Contrary to previous opinions on the results of dispersion efforts, it has been found that the product obtained by the novel process not only possesses the desired purity with regard to the sulfur and chlorine content and the desired particle size, but, in addition, the electric properties and the crystal structure are not deleteriously affected The titanium disulfide prepared in accordance with the invention thus meets in every respect the requirements enumerated above for electrode material for alkali metal/TiS2 batteries.

Furthermore, the novel treatment of this invention contributes another special property to the obtained product; namely, a substantially increased bulk and or vibrational density considerably greater than 0.6 g/cm3, versus 0.07-0.4 g/cm3 for the raw material, which considerably facilitates the compaction necessary for electrode construction.

A still further advantage of the treatment of the present invention resides in the reduction of the chlorine content, which, however, is not as important as the reduction of the free sulfur content.

For purposes of comparison, an effort was made to treat TiS2 raw material with ultrasound in a solvent However, comparable product qualities could not be achieved.

The d90% index for the particle diameter of the starting material designates the maximum diameter of 90% of all particles present. This value can be easily obtained from a curve which shows particle size distribution as percentages The particle size distribution can, for example, be determined with the so-called Coulter counter or with a sedimentation balance.

Typically, the titanium disulfide produced in accordance with the process of this invention has a free sulfur content of less than 0.1% by weight, preferably 0.08% or less and a particle size distribution d90% smaller than 10μm and greater than 2μm.

Suitable organic media, in which the dispersion treatment can be performed in accordance with the invention, include essentially all organic liquids that volatilize readily under typical drying conditions, that do not react with titanium disulfide, that do not totally dissolve or only partially dissolve titanium disulfide, and in which sulfur is soluble at least to a limited extent.

Thus, for example, carbon disulfide is in principle suitable for this treatment on account of its high sulfur solubilizing ability, but because of its easy combustibility its industrial use is associated with high costs. From the viewpoint of safety, easy separation during drying, and favorable dispersion characteristics of TiS2 in a liquid medium, chlorinated and/or fluorinated hydrocarbons or hydrocarbon mixtures with a boiling point between 20 and 150 C. at standard pressure have proven to be especially suitable. Such organic liquids are solvents such as methylene chloride, chloroform, carbon tetrachloride, 1,2-dichloroethane, 1,2-dichloroethylene, the isomeric compounds of trichloroethane or tetra chloroethane, trichloroethylene, tetrachloroethylene, trichlorofluoromethane, trichlorotrifluoroethane, as well as mixtures thereof. From the viewpoint of toxicity, a broader selection can naturally be made in this case. Methylene chloride is especially preferred in relation to volatility, combustibility, toxicity and availability.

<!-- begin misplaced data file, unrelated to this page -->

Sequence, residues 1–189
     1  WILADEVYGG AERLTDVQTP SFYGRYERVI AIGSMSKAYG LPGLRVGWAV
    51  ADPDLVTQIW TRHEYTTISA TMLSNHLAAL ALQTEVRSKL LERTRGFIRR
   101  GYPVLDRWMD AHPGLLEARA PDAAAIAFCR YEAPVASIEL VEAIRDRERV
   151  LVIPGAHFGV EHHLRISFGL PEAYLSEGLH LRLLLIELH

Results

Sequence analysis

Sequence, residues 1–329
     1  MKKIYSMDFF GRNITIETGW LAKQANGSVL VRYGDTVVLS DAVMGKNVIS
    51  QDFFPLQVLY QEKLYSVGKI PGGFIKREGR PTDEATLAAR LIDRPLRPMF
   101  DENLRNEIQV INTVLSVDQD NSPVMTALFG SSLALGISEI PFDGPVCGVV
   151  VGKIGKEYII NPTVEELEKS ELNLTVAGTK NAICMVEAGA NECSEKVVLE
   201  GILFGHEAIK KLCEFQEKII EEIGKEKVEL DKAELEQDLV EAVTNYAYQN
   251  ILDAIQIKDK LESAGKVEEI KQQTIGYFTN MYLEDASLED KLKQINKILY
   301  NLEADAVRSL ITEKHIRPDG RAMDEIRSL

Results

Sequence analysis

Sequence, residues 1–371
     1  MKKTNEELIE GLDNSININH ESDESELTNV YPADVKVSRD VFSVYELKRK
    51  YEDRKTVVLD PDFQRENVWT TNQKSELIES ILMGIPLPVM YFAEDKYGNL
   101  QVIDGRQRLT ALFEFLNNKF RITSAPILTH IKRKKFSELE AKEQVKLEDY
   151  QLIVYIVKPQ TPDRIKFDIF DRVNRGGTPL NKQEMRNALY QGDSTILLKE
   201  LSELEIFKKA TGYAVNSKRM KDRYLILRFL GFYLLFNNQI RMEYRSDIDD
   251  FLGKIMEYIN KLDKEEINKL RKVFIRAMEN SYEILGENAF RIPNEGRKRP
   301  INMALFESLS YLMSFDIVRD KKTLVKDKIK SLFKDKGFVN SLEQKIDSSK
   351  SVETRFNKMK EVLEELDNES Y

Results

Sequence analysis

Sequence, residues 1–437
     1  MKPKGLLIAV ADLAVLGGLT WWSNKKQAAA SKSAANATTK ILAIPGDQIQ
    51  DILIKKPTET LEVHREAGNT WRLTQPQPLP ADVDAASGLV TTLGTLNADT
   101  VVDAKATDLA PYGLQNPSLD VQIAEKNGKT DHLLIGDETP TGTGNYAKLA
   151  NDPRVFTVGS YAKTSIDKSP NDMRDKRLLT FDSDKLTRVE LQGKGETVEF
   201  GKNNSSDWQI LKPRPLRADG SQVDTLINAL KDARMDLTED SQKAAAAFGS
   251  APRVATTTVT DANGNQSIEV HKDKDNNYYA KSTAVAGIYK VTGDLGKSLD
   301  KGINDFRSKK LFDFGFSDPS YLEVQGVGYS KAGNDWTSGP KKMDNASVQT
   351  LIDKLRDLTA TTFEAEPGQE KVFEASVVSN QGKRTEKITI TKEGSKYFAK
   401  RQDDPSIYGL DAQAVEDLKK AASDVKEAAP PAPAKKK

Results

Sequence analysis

The term "dispersing machine of the rotor-stator system" refers to all grinding systems, which can be used in the liquid phase and consist of at least one rotor rotating at a rate exceeding 1000 rpm and at least one stationary part, the so-called stator (cf., W. Wiedmann and H. Blenke in "Chemie-Anlage+Verfahren", No. 4, 1976, pp. 82-88, 89, 90, 110). These dispersing systems are well known and any suitable system can be used for purposes of the invention.

The various forms of the dispersing machine that can be employed according to the invention, e.g., in a container or in a pipeline, are the state of the art and can also be applied in this case.